Control of Pear Psylla in Pear Orchards

November 08, 2021

Info to Grow
Crop Protection


Pear psylla, Cacopsylla pyricola, is an economically significant pest of pears in the Pacific Northwest. Although it may use other plants as temporary hosts during the winter months, especially apples, it can only reproduce on pears.


Damage to pears is caused by honeydew secreted from pear psylla nymphs or adults as they feed on the fruit, sucking juice from the host. The honeydew is deposited onto the fruit and the drips cause dark russet blotches or streaks which result in downgrading of the fruit. If present in very high numbers, pear psylla can stunt and defoliate pear trees and cause fruit drop (known collectively as psylla shock).


Life Cycle of Pear Psylla

Pear psylla have five nymphal stages or instars and two adult forms, winterform and summerform. Eggs are cream colored, but become yellow to orange closer to hatching. Nymphs are distinguished based on: i) nymphal stages getting progressively larger, flatter and more oval, ii) enlargement of the wing pads in the third, fourth, and fifth instars, and iii) coloring differences—first instars are creamy yellow, fourth instars are yellow-green to light tan, and the fifth instar nymphs are dark green/brown. Winterform and summerform adults are distinguished based on: i) time of year, ii) length (winterform are ~2.5 mm in length vs. ~2.0 mm for summerform), and iii) differences in the appearance of their wings (winterform wings have a smoky area halfway back along the inner margin, whereas summerform wings are clear except for veins). All nymph and adult stages of pear psylla have two red eyes.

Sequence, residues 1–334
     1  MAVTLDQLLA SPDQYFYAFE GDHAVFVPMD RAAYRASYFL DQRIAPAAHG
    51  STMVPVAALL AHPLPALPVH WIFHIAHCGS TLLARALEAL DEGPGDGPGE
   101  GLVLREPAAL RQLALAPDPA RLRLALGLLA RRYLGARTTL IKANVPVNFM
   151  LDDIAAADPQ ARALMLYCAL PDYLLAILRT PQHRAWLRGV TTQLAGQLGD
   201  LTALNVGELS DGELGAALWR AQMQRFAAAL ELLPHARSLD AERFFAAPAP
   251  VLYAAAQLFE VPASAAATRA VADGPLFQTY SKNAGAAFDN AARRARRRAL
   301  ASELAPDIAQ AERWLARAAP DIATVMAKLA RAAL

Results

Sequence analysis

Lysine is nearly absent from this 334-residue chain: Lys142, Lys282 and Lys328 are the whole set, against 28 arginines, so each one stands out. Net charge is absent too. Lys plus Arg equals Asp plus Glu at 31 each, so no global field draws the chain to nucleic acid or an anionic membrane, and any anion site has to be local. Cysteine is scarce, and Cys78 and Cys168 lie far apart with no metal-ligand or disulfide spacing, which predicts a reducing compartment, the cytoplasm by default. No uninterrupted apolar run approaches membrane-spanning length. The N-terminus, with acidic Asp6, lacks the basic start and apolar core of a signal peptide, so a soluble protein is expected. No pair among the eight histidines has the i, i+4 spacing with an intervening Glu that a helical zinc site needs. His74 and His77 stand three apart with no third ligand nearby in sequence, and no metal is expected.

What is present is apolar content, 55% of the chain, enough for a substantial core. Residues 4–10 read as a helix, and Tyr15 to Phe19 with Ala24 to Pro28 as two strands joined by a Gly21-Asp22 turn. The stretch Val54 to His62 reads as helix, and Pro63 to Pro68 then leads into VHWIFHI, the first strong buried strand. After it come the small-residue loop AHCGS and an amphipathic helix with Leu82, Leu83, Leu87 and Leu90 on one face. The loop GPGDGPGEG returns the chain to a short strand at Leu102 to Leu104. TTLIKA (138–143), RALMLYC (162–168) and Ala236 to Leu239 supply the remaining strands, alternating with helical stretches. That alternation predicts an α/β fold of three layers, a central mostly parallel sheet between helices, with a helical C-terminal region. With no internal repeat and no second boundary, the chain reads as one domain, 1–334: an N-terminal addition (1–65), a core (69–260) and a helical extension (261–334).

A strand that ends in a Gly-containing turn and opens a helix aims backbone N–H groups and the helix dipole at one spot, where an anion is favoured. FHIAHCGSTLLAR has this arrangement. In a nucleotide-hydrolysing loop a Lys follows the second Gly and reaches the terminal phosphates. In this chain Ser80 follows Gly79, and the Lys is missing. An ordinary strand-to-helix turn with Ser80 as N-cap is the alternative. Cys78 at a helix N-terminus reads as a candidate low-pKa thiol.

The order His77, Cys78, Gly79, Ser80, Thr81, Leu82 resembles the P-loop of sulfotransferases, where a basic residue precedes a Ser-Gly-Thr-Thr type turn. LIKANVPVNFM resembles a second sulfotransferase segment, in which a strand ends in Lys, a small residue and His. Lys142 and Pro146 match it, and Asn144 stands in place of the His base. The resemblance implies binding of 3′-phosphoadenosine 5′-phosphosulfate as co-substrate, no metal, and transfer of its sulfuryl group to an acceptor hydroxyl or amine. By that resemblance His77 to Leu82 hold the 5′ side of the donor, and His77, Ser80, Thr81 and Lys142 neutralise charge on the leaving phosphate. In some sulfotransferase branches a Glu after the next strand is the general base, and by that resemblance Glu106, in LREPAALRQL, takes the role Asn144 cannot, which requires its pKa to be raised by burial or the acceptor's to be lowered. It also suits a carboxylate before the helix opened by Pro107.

Pictures source:, E. Beers and P. Westigard

Pear psylla progress through winter in a semi-dormant state as winterform adults. They return to pears and start laying eggs when the pear buds begin to swell through petal fall, placing their eggs on new growth. These eggs hatch over an extended period (corresponding to the extensive time period over which egg laying occurs) and develop from first instars to summerform adults. There are 2-3 generations of summerform adults before the winterform generation develops in the fall.


Control of Pear Psylla

It is important to monitor pear psylla populations, counting adults using a beat tray method or counting nymphs and eggs on fruiting spurs.


Important aspects for control of pear psylla include: i) preventing overly vigorous growth and/or limiting the amount new growth, reducing the amount of preferred tissue available to pear psylla and improving spray penetration into the canopy, and ii) chemical control, which typically involves 2-3 pre-bloom sprays to kill the winterform adults (dormant—when egg-laying begins, delayed dormant, and clusterbud), and growing season sprays based on a nymph density greater than 0.3/leaf. It is recommended to use a mineral oil at the first application (dormant timing) to delay egg-laying and thus synchronize egg hatch. It is also highly recommended to use chemistries soft on natural predators so as to benefit from their natural control of pear psylla populations.


Recommendations: For control of pear psylla as part of an overall IPM program in conventional and organic pear orchards:

  • 1-2 gal/100 gal Tritek® (mineral oil) at the first insecticide application for pear psylla, alone or in combination with another effective product. Tritek (mineral oil) will delay egg laying.
  • 50 lb/ac of Celite® 610 (diatomaceous earth) with a spreader sticker for pear psylla control during growing season. No risk of resistance development due to mechanical mode of action, so can be used repeatedly as needed.